It's time for summer camp! As I'm getting prepared for the fun craziness that is camp – the second annual Clear Mind camp – I wanted to share a few thoughts on how to make the most of YOUR agility camp experience – whether it's with me, or wherever you may find yourself!
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I'm not interested in discussing the “why, what, where, when” of the forward motion front cross; your timing is something you'll need to perfect with your dog. What I'm interested in discussing is the how of the forward motion front cross. After all, if you can't get your body to do the correct things at the correct time, it's not going to matter one tiny bit how perfect your timing is; you might know exactly when to do something, but if you can't do move your body in the required fashion, your knowledge is useless.
A forward motion front cross is one where your motion (think, from the hips down) is telling your dog to go forward, but your upper body (hips up) is telling the dog to turn. In this fashion, you can balance cues so that you let the dog know there is a turn after a jump or chute or straight tunnel, even as you are moving forward to the completion side of the obstacle.
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Juno had her big Novice Debut this weekend! She's almost certainly had the least preparation and training of any of my dogs to date, given my busy travel schedule and focus on Solar and Jester, but nevertheless, she did great. I've been waiting for her debut for some time, not only because running a Novice dog is a ton of fun, but to prove to people that you don't have to step in to the ring perfect, or perfectly prepared. To the contrary, there are things I believe that the dogs will only learn in the ring, and so I see no reason to wait til they're running Master's level courses to enter them in a trial, provided that I can provide a positive experience that will further growth between my dog and myself as a team.
Juno's debut in the Novice ring has gotten me thinking how all of the things I've been working lately to make sure I'm implementing as a coach for my students really applies to our dogs as well. For those of us involved in a team sport with our dogs, we serve not only as trainers, but as canine coaches too, and although it's taken me several years to fully grasp the concept, I do believe that in order to achieve maximum success with our dogs as athletes, we must be flexible coaches, able to be the coach our dog needs us to be as his/her needs change, rather than expecting our dogs to conform constantly to our needs.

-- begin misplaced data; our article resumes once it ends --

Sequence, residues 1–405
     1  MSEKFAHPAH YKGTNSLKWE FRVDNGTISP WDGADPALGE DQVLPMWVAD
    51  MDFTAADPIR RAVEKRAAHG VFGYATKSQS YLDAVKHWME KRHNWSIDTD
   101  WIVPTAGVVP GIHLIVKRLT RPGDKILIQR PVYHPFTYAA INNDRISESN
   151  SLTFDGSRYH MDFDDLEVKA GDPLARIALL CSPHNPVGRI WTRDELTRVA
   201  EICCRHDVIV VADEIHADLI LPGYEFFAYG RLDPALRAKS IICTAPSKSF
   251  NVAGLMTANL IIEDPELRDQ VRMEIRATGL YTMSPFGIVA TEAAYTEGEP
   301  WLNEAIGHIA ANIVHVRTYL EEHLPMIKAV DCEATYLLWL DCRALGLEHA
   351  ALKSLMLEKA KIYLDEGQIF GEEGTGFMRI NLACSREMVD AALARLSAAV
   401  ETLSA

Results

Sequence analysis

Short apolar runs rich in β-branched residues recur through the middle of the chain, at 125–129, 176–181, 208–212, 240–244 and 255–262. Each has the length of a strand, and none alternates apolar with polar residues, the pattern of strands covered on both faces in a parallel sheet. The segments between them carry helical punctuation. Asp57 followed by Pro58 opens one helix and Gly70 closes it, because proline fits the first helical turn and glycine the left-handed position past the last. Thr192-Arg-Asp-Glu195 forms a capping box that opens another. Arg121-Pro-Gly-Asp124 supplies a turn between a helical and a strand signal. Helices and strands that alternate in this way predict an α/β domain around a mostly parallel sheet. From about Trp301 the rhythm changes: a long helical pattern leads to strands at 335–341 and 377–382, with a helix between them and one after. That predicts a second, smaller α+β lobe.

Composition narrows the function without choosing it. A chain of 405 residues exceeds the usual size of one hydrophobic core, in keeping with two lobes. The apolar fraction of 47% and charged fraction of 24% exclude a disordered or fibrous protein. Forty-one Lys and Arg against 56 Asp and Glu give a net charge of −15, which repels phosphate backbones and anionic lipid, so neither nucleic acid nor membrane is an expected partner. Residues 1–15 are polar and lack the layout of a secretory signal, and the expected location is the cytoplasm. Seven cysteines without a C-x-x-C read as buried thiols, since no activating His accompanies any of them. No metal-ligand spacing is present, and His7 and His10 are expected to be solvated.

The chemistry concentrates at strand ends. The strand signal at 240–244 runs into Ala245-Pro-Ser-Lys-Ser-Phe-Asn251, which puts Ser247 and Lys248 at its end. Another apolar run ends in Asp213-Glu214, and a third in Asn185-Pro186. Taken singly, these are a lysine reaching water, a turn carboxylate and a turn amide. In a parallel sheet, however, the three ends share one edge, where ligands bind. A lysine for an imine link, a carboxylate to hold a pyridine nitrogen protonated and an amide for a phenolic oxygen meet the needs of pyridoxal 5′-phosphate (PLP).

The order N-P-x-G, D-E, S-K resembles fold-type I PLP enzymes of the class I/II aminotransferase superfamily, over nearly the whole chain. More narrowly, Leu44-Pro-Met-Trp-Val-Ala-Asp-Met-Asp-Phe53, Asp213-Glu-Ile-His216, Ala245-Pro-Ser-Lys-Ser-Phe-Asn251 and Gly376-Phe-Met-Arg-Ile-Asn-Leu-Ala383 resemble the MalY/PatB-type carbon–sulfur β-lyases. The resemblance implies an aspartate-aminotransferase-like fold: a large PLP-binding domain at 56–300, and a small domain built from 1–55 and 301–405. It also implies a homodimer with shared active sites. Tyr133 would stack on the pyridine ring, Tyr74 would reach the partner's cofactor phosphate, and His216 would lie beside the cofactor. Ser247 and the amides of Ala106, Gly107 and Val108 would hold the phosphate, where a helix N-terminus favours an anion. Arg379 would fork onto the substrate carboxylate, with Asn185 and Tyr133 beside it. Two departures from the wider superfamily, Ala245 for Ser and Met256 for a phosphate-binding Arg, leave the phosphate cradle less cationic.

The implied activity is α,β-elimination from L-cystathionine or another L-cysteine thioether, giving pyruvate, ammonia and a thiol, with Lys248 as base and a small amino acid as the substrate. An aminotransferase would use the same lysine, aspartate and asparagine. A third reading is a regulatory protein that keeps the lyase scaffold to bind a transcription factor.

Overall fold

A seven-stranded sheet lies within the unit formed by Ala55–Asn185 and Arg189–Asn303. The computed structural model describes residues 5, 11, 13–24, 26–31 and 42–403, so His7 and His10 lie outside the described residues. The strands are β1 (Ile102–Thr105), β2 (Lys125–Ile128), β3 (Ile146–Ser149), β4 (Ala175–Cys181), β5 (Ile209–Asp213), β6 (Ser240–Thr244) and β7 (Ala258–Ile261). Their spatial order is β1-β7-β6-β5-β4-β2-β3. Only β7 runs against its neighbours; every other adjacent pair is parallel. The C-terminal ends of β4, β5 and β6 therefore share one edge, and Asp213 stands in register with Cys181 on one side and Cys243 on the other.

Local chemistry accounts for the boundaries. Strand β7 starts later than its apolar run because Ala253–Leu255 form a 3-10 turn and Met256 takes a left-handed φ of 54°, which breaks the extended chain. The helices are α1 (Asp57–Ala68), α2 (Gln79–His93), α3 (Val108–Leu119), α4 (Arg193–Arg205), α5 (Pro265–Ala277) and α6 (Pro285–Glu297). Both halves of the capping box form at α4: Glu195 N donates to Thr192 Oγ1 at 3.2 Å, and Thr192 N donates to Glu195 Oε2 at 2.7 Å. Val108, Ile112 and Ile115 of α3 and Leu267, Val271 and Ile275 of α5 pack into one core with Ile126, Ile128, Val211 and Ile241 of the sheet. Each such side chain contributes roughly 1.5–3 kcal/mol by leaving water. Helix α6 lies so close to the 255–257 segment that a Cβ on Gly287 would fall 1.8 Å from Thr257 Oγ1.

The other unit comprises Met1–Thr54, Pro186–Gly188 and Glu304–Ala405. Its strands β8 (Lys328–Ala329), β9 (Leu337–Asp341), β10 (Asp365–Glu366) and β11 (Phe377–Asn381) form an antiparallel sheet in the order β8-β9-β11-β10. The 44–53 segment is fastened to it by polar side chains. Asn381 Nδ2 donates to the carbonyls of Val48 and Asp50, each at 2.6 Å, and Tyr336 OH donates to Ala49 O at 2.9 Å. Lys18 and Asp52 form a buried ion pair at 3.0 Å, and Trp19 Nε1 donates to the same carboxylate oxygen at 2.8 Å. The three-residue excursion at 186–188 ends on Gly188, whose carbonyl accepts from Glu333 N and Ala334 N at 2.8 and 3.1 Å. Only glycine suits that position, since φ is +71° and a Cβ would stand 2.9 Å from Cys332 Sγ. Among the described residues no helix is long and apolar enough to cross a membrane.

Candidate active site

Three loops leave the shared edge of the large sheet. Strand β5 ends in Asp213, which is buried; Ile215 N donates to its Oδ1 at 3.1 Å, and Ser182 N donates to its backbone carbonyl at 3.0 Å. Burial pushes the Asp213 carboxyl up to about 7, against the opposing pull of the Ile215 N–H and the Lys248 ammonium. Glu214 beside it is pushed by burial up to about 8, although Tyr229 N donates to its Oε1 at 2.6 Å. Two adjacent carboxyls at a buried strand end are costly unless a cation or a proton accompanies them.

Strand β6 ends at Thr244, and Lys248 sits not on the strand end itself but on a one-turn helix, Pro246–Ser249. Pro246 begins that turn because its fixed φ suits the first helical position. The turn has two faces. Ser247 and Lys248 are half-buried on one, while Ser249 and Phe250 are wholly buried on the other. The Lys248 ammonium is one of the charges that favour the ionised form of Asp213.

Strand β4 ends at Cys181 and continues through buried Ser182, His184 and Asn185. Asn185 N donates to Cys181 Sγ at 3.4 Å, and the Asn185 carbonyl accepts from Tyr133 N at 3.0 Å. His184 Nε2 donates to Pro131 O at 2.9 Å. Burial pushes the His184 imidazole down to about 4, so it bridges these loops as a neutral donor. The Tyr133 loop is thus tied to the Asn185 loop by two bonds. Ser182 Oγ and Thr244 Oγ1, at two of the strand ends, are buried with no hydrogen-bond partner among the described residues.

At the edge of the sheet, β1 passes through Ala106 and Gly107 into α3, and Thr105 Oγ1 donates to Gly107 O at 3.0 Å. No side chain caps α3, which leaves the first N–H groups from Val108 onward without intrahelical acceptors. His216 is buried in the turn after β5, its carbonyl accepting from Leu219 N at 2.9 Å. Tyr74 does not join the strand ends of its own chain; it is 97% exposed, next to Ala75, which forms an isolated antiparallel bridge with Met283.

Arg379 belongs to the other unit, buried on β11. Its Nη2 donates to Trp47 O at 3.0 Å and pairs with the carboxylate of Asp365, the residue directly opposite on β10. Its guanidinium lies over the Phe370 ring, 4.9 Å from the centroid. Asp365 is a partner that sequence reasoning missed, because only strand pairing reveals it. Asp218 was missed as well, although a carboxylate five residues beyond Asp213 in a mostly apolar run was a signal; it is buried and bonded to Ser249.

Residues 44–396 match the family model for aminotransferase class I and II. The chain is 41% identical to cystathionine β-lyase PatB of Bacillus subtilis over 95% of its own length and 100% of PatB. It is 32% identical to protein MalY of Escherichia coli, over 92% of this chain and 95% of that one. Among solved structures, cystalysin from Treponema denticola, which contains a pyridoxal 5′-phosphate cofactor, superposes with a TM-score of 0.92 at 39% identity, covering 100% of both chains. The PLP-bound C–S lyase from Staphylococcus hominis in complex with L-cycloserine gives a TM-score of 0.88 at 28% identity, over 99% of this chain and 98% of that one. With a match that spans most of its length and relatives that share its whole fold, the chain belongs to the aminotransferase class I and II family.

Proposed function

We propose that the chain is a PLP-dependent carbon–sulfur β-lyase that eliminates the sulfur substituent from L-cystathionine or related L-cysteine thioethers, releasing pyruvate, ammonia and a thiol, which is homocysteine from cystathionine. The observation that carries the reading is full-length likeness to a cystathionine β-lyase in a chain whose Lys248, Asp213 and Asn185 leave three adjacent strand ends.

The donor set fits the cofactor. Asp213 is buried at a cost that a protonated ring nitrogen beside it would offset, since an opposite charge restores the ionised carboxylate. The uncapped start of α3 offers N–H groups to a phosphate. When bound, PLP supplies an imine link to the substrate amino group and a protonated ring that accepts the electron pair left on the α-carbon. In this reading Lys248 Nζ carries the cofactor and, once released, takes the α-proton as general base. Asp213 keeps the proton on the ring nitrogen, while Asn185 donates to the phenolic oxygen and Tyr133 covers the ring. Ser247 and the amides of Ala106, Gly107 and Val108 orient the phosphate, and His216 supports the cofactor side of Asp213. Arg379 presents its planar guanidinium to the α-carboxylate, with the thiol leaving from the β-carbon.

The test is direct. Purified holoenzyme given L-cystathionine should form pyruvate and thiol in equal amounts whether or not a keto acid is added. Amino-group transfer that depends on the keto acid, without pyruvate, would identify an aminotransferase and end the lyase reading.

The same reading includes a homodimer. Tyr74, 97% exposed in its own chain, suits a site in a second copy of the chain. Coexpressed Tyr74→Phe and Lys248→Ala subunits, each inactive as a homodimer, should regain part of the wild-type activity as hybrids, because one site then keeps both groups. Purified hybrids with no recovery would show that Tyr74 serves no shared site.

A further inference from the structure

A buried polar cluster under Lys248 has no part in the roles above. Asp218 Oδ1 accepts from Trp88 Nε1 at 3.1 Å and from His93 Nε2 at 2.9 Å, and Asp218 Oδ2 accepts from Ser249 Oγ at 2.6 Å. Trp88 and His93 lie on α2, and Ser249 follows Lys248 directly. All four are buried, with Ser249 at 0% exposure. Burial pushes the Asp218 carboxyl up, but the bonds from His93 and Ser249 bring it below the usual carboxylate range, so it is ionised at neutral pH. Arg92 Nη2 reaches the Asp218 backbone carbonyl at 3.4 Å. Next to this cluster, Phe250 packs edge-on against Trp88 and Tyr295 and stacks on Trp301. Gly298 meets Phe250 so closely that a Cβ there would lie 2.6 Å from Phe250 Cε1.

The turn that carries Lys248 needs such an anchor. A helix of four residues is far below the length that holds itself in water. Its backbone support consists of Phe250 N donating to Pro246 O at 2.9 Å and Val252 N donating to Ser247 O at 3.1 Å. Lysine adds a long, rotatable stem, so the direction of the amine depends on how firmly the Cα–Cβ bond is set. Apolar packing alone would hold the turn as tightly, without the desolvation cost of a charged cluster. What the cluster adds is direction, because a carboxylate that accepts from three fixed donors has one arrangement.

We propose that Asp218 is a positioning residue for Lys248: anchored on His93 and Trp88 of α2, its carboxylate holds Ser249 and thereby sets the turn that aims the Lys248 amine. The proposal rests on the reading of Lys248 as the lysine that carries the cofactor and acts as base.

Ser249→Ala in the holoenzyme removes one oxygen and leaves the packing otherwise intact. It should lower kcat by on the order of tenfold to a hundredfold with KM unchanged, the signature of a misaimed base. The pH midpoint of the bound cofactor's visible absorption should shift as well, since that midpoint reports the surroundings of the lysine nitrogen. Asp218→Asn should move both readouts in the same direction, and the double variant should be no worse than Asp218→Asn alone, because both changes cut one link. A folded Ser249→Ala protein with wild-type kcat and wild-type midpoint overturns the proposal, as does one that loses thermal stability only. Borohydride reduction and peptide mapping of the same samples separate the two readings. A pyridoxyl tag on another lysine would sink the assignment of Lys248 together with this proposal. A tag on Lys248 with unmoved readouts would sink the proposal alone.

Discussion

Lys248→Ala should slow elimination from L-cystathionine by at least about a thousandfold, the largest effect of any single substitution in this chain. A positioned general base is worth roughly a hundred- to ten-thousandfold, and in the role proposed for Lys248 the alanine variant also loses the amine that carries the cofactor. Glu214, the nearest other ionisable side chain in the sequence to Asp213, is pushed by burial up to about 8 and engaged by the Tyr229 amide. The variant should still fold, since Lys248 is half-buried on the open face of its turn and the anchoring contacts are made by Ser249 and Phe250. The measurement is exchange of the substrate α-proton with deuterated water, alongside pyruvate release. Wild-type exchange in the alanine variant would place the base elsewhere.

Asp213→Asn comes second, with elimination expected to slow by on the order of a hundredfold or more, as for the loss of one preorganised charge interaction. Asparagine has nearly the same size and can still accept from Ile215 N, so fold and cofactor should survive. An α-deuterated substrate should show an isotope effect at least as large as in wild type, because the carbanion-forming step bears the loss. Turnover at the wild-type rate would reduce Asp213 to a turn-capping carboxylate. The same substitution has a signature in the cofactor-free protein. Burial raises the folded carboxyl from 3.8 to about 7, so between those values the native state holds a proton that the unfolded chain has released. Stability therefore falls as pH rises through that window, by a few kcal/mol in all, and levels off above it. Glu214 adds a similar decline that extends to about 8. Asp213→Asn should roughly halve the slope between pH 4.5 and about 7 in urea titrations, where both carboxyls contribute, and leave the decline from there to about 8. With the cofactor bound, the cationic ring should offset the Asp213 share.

Like us, I believe our dogs move through different levels of competency as they learn the ins and outs of the sport of dog agility. To review, here are the four basic levels of competency:
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Obviously, I'm going to continue to put an emphasis on enjoyment together as a team throughout these different learning stages, but like us, I really do feel that what makes something “fun” changes as you move through these stages. For example, in the first stage, most would not find nitty gritty details and highly analytical training to be very fun. That's not terribly motivating for a beginner in any endeavor! But, as the thirst for more develops, there may well come a time when a lot of pleasure can be taken in learning the finer details involved in perfecting a particular mechanical skill. Our dogs, like us, are changing all the time. When I look at Fly, who is now 12.5 years old, he is definitely not the same dog he was when he was a year old. Likewise, Jester, Solar, and Juno are all different dogs than they were when they arrived in our family, both physically and mentally. Their development as individuals as we progress together as companions and teammates is what makes the sport so much fun, and so rewarding. Our dogs aren't the only ones changing, though. We of course, are changing all the time too. As handlers, we may ourselves be moving through the four learning stages listed above, and then our task is doubled, as we'll have to be our own coaches as well as our dogs' coaches. Our circumstances in life change as well. We move, our interests change, jobs, partners, you name it. The only thing that stays the same is that things always change. But, being alert to the needs of your canine partner with respect to what they require from you as a companion, a leader, a handler, and a coach, is something that benefits both dog and human alike – it's the name of the game!
Juno's First Trial, 4/30-5/2, 2011